“It’s a problem for a black man, an African person, to be so successful after 16 years of stewardship of the IAAF.”

The evidence against Diack includes cash transfers and emails revealed in Brazil after authorities there accused officials of paying Diack and others to secure votes to host the 2016 Rio Olympics.

French financial crimes investigators traced payments of $2 million from a Brazilian businessmen to bank accounts controlled by Diack around the time Rio was picked to host the Olympics. On the same day as the vote, Diack transferred about $300,000 to Frankie Fredericks, a former sprinter from Namibia and rising star of the Olympic movement who happened to be one of three people scrutinising the vote.

Diack called it an unfortunate coincidence. The Brazilians were paying to sponsor a new relay event being created for the IAAF, and Diack was a marketing consultant for the organisation.

That claim contrasts with those of Maria Celeste Pedrosa, Nuzman’s secretary. In a deposition given to investigators in Rio, Pedrosa said the money was supposedly to pay for the construction of tracks in Africa and questioned why it had to be paid to a Diack-controlled bank account in Russia.

The payment to Fredericks was related to a debt owed for doing promotional work for track and field sponsors, Diack said. An inquiry into Fredericks’ conduct is continuing. The relay event the Brazilians were supposedly sponsoring never took place there.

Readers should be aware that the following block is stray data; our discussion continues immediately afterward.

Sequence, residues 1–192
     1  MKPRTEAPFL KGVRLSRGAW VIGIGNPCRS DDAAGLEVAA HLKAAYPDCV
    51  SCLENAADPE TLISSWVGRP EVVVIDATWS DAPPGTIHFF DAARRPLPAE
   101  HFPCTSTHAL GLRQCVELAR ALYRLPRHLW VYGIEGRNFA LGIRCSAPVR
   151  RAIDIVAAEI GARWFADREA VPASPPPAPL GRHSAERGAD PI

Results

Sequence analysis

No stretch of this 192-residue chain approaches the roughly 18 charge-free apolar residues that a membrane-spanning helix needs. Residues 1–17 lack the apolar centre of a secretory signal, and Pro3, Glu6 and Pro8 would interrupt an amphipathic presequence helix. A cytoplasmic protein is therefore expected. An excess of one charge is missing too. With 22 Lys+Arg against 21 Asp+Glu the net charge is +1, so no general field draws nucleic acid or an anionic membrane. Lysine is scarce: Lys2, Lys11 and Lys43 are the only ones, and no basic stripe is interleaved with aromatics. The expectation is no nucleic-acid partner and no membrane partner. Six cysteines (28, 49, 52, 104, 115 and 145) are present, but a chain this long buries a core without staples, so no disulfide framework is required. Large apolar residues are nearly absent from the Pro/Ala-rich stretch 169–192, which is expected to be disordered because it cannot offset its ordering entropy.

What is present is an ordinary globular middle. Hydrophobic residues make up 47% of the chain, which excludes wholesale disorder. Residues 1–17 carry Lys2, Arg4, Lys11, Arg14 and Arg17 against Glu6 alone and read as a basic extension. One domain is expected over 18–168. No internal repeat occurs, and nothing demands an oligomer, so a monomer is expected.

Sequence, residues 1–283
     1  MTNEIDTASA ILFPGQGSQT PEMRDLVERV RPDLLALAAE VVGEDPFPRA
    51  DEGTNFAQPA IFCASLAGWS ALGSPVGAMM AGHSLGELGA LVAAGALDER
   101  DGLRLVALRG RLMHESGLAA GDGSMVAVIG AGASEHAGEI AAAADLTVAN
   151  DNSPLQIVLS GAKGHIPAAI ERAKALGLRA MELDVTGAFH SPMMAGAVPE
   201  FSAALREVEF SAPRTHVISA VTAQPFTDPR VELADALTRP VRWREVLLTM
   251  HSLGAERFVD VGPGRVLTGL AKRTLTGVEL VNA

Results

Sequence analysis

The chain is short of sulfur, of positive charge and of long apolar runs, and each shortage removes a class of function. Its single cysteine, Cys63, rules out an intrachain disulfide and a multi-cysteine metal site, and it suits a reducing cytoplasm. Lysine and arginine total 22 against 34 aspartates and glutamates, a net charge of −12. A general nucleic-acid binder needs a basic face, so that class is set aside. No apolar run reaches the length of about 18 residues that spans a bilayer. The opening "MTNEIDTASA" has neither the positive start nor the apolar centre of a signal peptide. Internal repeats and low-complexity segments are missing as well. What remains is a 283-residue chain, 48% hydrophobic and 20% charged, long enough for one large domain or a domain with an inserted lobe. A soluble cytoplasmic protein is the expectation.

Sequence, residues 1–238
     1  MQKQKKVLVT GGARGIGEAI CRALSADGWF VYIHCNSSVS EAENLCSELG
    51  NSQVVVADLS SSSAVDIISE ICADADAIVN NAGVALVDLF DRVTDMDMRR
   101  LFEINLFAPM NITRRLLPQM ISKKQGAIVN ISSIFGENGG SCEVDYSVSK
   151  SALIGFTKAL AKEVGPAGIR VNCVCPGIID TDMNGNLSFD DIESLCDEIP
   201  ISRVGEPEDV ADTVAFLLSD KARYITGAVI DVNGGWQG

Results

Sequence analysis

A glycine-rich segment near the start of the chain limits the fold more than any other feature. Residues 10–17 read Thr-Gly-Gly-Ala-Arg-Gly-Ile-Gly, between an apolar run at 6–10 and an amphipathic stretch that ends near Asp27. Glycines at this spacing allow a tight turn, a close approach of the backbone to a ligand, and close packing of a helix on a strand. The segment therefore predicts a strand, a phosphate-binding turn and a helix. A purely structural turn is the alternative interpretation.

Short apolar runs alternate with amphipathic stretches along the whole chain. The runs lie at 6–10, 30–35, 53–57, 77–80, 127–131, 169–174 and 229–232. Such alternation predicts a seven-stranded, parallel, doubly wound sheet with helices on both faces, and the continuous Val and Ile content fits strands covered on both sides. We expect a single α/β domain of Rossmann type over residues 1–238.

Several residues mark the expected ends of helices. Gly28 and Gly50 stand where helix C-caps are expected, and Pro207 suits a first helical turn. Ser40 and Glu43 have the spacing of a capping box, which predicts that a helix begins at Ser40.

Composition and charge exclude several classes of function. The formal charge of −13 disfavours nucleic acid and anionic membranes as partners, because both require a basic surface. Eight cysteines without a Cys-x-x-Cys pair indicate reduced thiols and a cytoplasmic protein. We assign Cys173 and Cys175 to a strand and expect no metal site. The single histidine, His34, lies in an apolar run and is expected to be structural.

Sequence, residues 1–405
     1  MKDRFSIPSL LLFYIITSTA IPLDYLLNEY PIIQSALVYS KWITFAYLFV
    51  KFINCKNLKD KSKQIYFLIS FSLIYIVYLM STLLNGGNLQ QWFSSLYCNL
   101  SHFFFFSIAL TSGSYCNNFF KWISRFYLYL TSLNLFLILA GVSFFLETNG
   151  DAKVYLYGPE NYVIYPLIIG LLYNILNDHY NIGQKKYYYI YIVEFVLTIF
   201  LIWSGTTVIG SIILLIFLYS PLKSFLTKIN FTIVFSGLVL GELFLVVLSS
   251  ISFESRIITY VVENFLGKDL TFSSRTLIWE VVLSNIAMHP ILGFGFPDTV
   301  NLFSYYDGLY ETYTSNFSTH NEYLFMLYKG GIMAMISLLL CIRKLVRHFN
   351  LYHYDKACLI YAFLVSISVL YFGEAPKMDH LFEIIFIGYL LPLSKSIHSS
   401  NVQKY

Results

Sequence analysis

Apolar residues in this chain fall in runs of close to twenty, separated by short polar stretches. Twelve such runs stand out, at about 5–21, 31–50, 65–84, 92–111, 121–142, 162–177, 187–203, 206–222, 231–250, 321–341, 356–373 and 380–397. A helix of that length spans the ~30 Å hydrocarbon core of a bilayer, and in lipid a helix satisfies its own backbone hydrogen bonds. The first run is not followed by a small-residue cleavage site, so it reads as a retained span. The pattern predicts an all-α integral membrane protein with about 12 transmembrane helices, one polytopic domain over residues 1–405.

“Papa Diack said it, record it, state it: Lamine Diack and Frankie Fredericks voted for Tokyo,” said Diack, declaring that his father had preferred Tokyo’s pitch for the 2016 Summer Games over Rio’s.

Rio ended up beating Madrid in a final runoff. “Whoever says the contrary is lying,” he said, “and I’m ready to be challenged by my father.”

Prosecutors have also identified myriad other payments they say are linked to the corruption scheme, including large transfers to jewellery stores in Paris and Qatar. The allegations are purely circumstantial, Diack said, and can be refuted by documents and contracts he has. Asked to reveal them, he said: “My friend, that I will give to a prosecutor. I will not give it to a journalist.”

The scandal has not kept Diack from continuing his business activities and securing contracts for his company, Pamodzi Sports Marketing, an entity that has been linked to several of the arrangements that prosecutors described as bribery.

Diack is now focusing his attention on global soccer, an industry far more lucrative than track and field, and one that has led to trouble in the past. He was briefly jailed after allegations that thousands of dollars of sponsorship money for the Senegal men’s national soccer team had gone missing. Diack said he spent nine days in prison before being cleared of wrongdoing.

Senegal is continuing to resist the request from France to extradite Diack. Last year, the Senegalese prime minister said the country would “never surrender a son.” The case could drag on for years.